Let me explain a little more. I teach numerical simulation and I want to be able to let my students play with a simulation model to understand the system being modelled AND the process of simulation. The raspberry pi appears to be excellent because I can configure it myself and then bring it to the class room (which is variable and I don't have access to the PCs to install the software - it's cumbersome for various reasons). The fact that the RPi works from a memory card makes this even better as I could encourage the students to purchase the Rpi and I distribute the software.

I do realise that you have to be careful with benchmarks but a simple numerical test would be a good start. If we're talking an order of magnitude difference in run time then I need to look for a better solution.

I tried the ejolson's benchmark and my PC runs from just under 0.009s to 0.025. I guess a longer problem would be more stable. Still that's 5-10 times faster than the numbers quoted.

I was unsure of the RPi2 might be faster than is quoted above as it's difficult to tell but this helps. I need something faster.

Thanks.
Karl

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Re: Benchmarking a raspberrypi compared to my own PC

Tue Nov 24, 2015 11:00 pm

On my Pi2 (at 900Mhz) the "benchmark" takes from 0.123 sec to 0.180 sec
Using the standard (on Jessie) gcc 4.9.2
Pi4 8GB running PIOS64 Lite

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Re: Benchmarking a raspberrypi compared to my own PC

Tue Nov 24, 2015 11:02 pm

Give us some self contained ready to compile code and some of us can try running it on our RPis.
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ejolson
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Re: Benchmarking a raspberrypi compared to my own PC

Tue Nov 24, 2015 11:16 pm

KarlSplatz wrote:I tried the ejolson's benchmark and my PC runs from just under 0.009s to 0.025. I guess a longer problem would be more stable.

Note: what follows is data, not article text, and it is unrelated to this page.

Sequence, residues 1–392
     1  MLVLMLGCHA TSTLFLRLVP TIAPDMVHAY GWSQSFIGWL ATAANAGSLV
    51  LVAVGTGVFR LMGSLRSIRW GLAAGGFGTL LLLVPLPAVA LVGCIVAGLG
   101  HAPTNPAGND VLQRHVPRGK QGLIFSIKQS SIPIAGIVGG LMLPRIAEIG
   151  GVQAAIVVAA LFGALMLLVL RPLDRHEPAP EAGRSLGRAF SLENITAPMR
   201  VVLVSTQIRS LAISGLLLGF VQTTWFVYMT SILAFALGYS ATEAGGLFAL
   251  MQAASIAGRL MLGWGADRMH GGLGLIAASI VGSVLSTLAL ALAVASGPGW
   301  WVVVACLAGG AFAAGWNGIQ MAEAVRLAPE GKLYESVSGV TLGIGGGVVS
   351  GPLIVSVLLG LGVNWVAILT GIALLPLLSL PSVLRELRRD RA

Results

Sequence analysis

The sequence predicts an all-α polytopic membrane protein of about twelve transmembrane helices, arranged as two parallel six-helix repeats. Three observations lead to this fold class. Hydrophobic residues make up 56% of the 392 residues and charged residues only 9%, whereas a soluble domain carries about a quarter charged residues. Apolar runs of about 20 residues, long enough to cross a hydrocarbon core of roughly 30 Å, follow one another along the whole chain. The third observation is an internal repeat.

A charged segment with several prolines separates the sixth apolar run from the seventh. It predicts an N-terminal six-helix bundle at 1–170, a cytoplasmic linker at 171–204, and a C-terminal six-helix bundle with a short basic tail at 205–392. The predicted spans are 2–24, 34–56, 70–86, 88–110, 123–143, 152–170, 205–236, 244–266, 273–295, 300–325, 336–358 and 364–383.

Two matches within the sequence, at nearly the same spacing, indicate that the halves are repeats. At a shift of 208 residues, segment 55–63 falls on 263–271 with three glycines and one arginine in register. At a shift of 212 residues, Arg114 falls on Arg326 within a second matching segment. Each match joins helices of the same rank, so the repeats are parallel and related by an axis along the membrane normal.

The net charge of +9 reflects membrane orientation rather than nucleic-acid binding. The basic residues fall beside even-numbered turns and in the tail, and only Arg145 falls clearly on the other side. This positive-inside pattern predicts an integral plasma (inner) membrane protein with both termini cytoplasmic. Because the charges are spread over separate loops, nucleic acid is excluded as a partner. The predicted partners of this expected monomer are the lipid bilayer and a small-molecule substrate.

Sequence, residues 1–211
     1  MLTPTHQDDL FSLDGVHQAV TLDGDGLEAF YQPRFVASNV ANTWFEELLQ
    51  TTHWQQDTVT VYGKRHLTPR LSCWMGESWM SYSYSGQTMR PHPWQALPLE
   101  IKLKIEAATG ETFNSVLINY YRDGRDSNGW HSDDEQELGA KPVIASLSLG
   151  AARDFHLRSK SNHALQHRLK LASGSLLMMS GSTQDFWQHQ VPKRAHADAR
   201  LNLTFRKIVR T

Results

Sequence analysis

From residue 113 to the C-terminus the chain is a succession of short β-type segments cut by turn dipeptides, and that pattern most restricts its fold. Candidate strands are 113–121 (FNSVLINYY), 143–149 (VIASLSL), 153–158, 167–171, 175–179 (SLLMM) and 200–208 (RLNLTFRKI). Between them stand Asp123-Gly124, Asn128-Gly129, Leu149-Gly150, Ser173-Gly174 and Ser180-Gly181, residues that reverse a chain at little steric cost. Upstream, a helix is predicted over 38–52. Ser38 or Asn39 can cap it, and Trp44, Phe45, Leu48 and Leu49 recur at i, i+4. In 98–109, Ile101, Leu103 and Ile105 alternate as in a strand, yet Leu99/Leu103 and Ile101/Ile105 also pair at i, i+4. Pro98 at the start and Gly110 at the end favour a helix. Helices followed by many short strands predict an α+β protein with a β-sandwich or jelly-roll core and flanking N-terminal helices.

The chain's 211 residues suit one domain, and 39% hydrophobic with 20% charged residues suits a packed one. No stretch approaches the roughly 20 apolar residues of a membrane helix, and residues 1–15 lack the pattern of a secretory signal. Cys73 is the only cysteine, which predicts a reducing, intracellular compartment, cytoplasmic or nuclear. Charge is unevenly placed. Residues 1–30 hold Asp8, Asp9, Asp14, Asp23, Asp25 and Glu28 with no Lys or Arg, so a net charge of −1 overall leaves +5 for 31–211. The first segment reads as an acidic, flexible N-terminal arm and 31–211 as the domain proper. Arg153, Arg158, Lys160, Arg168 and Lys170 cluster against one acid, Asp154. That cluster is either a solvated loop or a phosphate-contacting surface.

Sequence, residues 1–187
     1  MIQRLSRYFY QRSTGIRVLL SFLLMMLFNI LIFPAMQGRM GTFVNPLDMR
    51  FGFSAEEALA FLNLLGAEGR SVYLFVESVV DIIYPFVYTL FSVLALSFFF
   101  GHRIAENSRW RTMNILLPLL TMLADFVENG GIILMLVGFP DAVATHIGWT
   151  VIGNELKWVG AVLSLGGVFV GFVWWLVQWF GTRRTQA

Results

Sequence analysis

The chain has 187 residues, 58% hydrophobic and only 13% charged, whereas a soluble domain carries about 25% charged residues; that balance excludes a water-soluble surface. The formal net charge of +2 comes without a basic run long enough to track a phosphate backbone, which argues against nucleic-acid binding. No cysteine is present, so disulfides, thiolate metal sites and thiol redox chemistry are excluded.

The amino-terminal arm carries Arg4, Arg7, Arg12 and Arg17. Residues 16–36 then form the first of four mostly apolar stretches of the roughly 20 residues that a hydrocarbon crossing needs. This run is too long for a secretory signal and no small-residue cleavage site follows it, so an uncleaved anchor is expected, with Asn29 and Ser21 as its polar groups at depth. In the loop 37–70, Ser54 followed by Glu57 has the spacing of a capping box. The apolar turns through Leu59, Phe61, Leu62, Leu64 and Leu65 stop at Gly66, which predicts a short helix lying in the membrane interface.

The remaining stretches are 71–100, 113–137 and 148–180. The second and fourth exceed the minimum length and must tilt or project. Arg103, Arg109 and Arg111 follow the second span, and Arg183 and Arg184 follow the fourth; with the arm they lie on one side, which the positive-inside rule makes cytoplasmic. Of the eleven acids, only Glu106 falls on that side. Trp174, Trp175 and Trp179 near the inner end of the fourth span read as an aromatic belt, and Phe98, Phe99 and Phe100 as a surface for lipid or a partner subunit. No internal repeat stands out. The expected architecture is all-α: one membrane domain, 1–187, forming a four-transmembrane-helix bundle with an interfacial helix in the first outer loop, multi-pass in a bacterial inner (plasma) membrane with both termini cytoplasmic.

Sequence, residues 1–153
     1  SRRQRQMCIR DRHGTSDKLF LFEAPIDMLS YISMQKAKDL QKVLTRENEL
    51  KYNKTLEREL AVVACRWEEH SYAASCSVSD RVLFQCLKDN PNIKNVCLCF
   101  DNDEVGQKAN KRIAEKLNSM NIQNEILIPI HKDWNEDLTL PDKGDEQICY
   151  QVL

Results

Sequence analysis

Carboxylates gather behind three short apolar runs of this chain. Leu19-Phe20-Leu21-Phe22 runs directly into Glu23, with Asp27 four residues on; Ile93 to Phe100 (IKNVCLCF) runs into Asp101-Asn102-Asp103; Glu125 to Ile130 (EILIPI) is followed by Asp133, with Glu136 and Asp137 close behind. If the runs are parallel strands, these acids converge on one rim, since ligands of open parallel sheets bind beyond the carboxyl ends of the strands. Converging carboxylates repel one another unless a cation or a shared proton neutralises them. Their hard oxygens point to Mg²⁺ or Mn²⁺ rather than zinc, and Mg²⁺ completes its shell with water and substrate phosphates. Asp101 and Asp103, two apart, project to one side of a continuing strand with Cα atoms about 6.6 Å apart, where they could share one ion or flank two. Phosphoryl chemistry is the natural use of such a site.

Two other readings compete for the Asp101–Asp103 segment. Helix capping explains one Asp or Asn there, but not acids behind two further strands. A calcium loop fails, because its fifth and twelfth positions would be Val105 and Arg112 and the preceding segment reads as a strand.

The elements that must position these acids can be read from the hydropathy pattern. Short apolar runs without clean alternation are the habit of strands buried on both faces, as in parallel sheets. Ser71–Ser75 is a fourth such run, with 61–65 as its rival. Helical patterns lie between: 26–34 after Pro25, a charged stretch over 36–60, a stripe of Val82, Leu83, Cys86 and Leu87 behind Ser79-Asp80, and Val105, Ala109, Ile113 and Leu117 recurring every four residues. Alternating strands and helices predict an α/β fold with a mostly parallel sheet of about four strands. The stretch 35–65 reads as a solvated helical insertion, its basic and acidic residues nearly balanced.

You are right that the original problem size is not large enough for meaningful timings. If you change the program to find the primes up to 10000000 as

Code: Select all

#include <stdio.h>
#include <math.h>
#include <stdint.h>

#define N 10000000

typedef uint32_t Integer;
//typedef uint64_t Integer;
static Integer prime[1000000];
static int count=0;

static int isprime(Integer n){
    int sqrtn=sqrt((double)n)+0.5;
    int k;
    for(k=0;k<count;k++){
        if(prime[k]>sqrtn) return 1;
        if(n%prime[k]==0) return 0;
    }
    return 1;
}

int main(){
    Integer n;
    for(n=2;n<=N;n++){
        if(isprime(n)) prime[count++]=n;
    }
    printf("Found a total of %d primes (%d-bit)\n",
        count,(int)sizeof(n)*8);
    return 0;
}
and rerun with

Code: Select all

$ gcc -O3 prime.c -lm
$ time ./a.out; time ./a.out; time ./a.out
and report the best real elapsed time among the three runs, I would be happy to have another data point for the table I posted above.

At our university it is possible to boot a CD on any of the classroom computers. A few years ago I set up an NFS server which contained a read-only Debian-live image and then passed out CDs with Linux kernels that had been configured to automatically mount root from that NFS server. It was not necessary to install any software on the Windows PCs and it worked amazingly well.

Last year IT support installed Linux virtual machines on Windows in our lab and then offered to install the same virtual machine on each student's personal laptop as needed. All the individual images were difficult to update and maintain. I think the Raspberry Pi2B could make a good platform for teaching numerical methods; however, lots of little computers might also be difficult to maintain.

To make maintenance easier, a thin-client solution called PiNET is sometimes employed, but that negates the advantage of students using the same Pi computers at home. At the same time, it seems entirely reasonable for university students to setup and maintain their own Linux computers. The Pi also includes a free copy of Mathematica, if that makes any difference. Assuming your students write their code using C or Fortran and the problems are not research sized, I would not expect CPU speed to be a significant problem.

Note: Code for prime.c has been updated to explicitly specify the size of the integers used for the computation.
Last edited by ejolson on Mon Mar 07, 2016 5:10 am, edited 3 times in total.


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Re: Benchmarking a raspberrypi compared to my own PC

Wed Nov 25, 2015 4:57 am

For 900MHz Pi2, built with gcc 4.9.2:-
pi@pi2 ~ $ time ./a.out; time ./a.out; time ./a.out
Found a total of 664579 primes!

real 0m27.697s
user 0m27.690s
sys 0m0.000s
Found a total of 664579 primes!

real 0m27.721s
user 0m27.690s
sys 0m0.020s
Found a total of 664579 primes!

real 0m27.722s
user 0m27.700s
sys 0m0.010s
pi@pi2 ~/ge $
For 700MHz B+, built with gcc 4.6.3
pi@pi ~ $ time ./a.out; time ./a.out; time ./a.out
Found a total of 664579 primes!

real 1m14.038s
user 1m13.440s
sys 0m0.230s
Found a total of 664579 primes!

real 1m14.039s
user 1m13.530s
sys 0m0.150s
Found a total of 664579 primes!

real 1m14.027s
user 1m13.490s
sys 0m0.170s
pi@pi ~/ge $
For 4GHz Intel Core i7-3770k, built with gcc 5.2:-